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Handel vanquishing his opponents,
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This review is from: Handel: Alcina (Audio CD)
In 1733 a group of wealthy patrons and breakaway Italian singers including Senesino formed the rival company Opera of the Nobility under the direction of Nicola Antonio Porpora, which in the next season displaced Handel from the King's Theatre in the Haymarket. Handel needed to respond to the challenge and take opera up a level with new attractions to bring in the punters.
He moved to the recently opened and well-equipped Covent Garden, and gave opportunities to a number of home-grown singers alongside the Italian superstars. He began to incorporate the Covent Garden chorus (previously the chorus had consisted of the soloists in unison), and recruited the dance company of the famed French ballerina Marie Sallé.
His first production there, Ariodante, first performed in 1735, was reasonably successful, but it was with his second production of that year Alcina that Handel could be said to have vanquished his opponents. The first run was of eighteen performances, and it remains one of his most popular and well-liked operas today.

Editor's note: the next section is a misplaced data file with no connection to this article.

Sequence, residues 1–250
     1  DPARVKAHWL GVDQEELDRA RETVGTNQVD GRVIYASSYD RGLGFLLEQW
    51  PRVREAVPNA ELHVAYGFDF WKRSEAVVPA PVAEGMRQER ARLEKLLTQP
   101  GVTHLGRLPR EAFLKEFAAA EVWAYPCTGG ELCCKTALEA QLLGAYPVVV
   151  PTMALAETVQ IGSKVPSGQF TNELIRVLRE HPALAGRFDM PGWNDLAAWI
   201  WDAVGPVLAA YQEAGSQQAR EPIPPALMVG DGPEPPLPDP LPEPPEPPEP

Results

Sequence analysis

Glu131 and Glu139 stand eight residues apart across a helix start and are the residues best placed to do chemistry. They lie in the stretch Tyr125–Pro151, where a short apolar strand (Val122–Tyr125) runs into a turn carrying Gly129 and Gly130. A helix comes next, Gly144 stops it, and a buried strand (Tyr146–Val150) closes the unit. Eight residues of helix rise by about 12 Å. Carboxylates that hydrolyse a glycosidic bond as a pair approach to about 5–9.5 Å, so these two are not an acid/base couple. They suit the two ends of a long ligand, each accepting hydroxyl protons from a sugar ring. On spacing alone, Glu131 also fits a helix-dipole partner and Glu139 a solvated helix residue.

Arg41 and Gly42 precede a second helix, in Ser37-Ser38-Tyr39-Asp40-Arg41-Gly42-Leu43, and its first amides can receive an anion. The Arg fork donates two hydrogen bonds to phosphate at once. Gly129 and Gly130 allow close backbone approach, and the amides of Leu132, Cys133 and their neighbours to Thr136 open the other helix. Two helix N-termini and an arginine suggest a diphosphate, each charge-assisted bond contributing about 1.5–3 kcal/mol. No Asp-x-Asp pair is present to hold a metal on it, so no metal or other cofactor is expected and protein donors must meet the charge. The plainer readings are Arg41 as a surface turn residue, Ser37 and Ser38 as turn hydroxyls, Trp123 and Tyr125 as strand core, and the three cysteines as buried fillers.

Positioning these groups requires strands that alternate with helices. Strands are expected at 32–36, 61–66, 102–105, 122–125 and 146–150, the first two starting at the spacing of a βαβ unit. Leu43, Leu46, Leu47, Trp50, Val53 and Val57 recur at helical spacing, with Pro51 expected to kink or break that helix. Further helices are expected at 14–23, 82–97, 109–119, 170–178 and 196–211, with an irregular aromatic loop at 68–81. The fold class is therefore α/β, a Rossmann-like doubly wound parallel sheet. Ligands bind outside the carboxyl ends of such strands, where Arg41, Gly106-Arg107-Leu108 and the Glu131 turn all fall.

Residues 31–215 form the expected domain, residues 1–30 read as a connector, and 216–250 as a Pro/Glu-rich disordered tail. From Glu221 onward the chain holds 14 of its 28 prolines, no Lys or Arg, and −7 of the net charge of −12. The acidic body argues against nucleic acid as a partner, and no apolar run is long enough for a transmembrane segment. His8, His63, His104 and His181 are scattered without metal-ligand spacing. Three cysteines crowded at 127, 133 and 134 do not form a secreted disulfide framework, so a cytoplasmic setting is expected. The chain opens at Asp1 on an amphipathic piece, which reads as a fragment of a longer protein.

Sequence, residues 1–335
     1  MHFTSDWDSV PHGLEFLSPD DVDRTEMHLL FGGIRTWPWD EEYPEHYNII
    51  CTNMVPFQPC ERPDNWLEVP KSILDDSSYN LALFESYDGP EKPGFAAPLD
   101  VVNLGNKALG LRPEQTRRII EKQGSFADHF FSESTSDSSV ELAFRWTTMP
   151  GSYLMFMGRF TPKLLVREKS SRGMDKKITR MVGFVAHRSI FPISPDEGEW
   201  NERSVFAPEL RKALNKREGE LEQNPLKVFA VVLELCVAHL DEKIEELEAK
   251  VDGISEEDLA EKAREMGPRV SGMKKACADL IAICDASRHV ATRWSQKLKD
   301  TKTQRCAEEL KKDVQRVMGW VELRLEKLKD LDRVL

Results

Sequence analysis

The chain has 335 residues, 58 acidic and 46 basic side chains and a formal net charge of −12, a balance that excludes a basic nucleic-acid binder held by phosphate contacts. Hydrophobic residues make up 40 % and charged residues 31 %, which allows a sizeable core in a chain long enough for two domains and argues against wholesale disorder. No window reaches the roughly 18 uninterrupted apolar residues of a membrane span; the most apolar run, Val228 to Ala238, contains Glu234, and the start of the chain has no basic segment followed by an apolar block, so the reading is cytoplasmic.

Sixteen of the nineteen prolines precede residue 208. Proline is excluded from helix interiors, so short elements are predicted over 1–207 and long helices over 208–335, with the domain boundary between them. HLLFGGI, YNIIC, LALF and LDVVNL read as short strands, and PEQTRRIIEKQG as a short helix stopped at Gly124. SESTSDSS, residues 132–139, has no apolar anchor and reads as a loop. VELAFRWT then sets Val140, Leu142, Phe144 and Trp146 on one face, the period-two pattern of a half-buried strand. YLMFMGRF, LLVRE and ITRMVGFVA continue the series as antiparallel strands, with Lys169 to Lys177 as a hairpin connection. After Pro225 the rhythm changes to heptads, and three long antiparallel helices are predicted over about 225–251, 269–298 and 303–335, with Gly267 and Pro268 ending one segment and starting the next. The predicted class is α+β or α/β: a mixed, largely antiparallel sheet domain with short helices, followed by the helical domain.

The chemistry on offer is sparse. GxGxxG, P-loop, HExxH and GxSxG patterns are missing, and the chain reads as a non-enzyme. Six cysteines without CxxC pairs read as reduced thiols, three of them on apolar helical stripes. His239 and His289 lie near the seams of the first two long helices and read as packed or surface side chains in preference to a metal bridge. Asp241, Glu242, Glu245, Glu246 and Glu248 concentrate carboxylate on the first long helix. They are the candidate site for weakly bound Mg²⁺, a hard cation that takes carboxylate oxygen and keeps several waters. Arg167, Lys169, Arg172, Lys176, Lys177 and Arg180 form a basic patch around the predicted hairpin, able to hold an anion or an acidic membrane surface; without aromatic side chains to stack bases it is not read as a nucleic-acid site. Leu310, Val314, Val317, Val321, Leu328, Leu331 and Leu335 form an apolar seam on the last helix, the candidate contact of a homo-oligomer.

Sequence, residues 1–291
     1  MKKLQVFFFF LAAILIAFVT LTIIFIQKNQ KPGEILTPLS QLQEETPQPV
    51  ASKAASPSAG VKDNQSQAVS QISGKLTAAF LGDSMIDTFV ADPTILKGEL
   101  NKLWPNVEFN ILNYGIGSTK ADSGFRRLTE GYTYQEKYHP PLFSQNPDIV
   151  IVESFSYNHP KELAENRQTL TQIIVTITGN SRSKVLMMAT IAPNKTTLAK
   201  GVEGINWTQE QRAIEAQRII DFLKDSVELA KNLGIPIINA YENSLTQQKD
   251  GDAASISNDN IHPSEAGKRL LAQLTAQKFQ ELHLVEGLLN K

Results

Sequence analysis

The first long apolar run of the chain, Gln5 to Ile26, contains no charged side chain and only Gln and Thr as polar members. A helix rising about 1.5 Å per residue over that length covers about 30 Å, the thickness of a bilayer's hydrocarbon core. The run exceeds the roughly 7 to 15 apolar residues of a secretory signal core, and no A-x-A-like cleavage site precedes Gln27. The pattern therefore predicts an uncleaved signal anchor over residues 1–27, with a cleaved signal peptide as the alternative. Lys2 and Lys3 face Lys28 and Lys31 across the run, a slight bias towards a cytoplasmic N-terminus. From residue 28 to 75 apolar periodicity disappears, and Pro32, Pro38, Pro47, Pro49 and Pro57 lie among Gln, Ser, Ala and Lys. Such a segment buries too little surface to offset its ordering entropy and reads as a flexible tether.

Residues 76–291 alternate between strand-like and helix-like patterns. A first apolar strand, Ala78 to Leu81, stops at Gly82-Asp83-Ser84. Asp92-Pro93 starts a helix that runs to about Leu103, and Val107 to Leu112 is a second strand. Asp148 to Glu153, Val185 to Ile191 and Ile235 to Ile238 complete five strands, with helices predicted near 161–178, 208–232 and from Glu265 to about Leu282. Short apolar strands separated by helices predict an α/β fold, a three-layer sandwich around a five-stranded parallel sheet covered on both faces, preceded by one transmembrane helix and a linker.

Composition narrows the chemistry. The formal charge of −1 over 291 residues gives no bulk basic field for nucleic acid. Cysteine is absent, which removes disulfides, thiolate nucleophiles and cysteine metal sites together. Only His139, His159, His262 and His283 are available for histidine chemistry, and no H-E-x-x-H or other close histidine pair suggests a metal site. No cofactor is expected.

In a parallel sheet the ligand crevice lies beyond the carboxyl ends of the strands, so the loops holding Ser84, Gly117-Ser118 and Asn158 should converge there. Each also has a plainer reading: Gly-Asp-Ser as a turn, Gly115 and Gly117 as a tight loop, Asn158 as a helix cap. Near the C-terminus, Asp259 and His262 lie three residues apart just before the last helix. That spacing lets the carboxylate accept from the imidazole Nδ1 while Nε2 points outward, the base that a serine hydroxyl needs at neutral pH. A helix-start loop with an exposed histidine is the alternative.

Deriving like many other of the era's operas, including Handel's aforementioned Ariodante and Orlando from two years previously, from the epic poems recounting the tales of Roland the Paladin, the plot revolves around the struggle between the crusader knight Ruggiero and his betrothed Bradamante against the sorceress Alcina and her sister Morgana.
Vocal performances are variable. Joyce DiDonato as Alcina again frustratingly demonstrates that she can be for the larger part peerless and beyond compare and yet at times a little lacking. Amongst the rest, Maite Beaumont (Ruggiero) and Sonia Prina (Bradamante) are fine but not exactly delivering vocal fireworks; Karina Gauvin (Morgana) is a bit of a standout performer - I just had to listen to her first act love-at-first-sight aria "O s'apre al riso" over and over, but again she can put in some relatively fairly ordinary pieces. The pacing of director Curtis often feels a little slow resulting in voice and music exhibiting a certain lack of dynamism.
There's plenty to like in this set, but being slightly patchy overall it's not the finest Curtis recording I have heard. 3.5 - 4 stars.
The three disc set is packaged in a double jewel case with a booklet providing notes, synopsis and libretto with translations in English, French & German.